St. John Paul II and the call of Divine Mercy Sunday

| Alyssa Bormes | March 31, 2016 | 0 Comments

Divine MercyIn 2005, Easter was on March 27, and Divine Mercy Sunday was on April 3. It’s the same this year. It will be 141 years before this will happen again. See if you can recall Easter 2005. For me, it will always be bright in my memory.

It was a beautiful spring day. I had one of the last chairs in St. Peter’s Square for Easter Mass. The Holy Father, Pope John Paul II, was quite ill; he would not be celebrating the Mass. At the end of Mass, the Swiss Guard marched into the Square and faced his window. And then he appeared. The Holy Father came to bless us.

It would be the last time I saw the pope.

On April 2, we were at the square just before 9 a.m. and were there at 9:38 p.m. when the Holy Father died. We remained in the square for a midnight prayer service and returned at about 6 a.m. for Mass. I was about 10 feet from the front; there was only one barrier in the square that day. However, the crowd was already pushing, and I didn’t have the strength to sustain it.

I walked back to the Colonnade, on the way meeting my friend, Sister Marie Kolbe. We each sat on either side of the base of one of the giant pillars.

By 10 a.m., the crowd became so thick for the Mass that there was only room for us to stand on our little slivers of stone.

I had never seen a denser crowd in the square. We just couldn’t move.

Just a reminder, at most times in the square there are a series of barriers to control the crowd. However, on that day there was only the one barrier at the front. The crowd kept pushing into the square.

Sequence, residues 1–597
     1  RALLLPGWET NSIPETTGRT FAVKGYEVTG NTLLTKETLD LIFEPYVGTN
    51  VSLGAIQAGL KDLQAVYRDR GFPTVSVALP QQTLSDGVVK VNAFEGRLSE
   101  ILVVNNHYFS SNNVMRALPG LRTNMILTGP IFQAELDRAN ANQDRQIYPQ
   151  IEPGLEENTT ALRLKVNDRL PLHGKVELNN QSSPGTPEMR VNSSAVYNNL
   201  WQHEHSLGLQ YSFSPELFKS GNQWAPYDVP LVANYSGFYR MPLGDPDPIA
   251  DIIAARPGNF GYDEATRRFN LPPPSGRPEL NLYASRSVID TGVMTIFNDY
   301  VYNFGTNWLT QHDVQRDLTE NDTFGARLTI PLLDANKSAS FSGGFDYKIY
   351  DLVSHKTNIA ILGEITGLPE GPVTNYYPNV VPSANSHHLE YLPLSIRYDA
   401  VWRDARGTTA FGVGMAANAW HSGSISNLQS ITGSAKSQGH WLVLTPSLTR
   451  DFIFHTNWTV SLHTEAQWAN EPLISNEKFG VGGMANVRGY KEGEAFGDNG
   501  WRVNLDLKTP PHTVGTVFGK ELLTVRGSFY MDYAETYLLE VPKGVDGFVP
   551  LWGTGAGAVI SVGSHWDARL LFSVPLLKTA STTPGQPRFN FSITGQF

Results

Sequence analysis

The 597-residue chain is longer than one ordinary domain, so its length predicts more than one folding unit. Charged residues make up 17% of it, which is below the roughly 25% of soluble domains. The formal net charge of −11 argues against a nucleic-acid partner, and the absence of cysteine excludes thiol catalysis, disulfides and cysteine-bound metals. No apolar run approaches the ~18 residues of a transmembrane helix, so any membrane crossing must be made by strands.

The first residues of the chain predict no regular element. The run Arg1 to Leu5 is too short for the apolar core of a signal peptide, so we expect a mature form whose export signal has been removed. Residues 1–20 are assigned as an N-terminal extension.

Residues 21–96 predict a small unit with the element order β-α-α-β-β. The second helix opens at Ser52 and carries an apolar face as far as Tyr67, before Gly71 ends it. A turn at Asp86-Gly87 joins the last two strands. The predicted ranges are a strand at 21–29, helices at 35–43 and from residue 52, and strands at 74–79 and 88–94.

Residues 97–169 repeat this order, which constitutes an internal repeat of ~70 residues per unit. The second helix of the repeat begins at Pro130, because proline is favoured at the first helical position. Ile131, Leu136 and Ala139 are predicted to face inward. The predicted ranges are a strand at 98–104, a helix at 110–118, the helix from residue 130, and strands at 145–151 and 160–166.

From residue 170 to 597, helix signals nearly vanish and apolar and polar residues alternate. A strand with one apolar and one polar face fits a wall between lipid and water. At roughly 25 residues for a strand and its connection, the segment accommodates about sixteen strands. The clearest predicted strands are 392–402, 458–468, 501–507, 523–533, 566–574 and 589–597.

For Communion, the priests usually use the spaces between the barriers to get the Eucharist to the faithful. On this day, there were a number of them who moved through the crowd to the area of the obelisk.

Sister and I decided to spiritually go to Communion, as we were nearly blocked from movement.

Then the most amazing thing happened. The immovable crowd began to allow aisles to and from the area with the Eucharist. The aisles radiated from this spot. From my elevated perch, it looked as if I were watching a heart pumping blood.

Blood goes to the heart to be fed, so it can return to feed the body. On that Divine Mercy Sunday, the day after our beloved pope died, the faithful were moving to the heart of the Church. They were in Rome, being fed by the Eucharist.

On that Divine Mercy Sunday in Rome, there was a sense of the call to those who either physically or spiritually were fed by the Eucharist, that there was a duty to in turn go to feed the body, the Body of Christ. This Divine Mercy Sunday has the same call. And, in the words that were never far from St. John Paul II, “Be not afraid!”

Bormes, a member of Holy Family in St. Louis Park, is the author of the book “The Catechism of Hockey.”

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Category: Everyday Mercies